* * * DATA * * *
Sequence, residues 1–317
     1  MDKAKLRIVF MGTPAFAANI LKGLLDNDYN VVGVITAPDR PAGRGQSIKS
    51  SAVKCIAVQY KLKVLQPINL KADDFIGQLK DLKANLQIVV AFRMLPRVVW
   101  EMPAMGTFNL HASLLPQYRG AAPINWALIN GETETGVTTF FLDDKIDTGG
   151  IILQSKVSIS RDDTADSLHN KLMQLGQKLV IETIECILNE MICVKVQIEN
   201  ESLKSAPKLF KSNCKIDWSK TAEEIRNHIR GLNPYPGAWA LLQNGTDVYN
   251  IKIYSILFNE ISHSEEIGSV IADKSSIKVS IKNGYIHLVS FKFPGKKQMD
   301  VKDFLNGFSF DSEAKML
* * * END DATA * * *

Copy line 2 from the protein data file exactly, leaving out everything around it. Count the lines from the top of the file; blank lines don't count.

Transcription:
     1  MDKAKLRIVF MGTPAFAANI LKGLLDNDYN VVGVITAPDR PAGRGQSIKS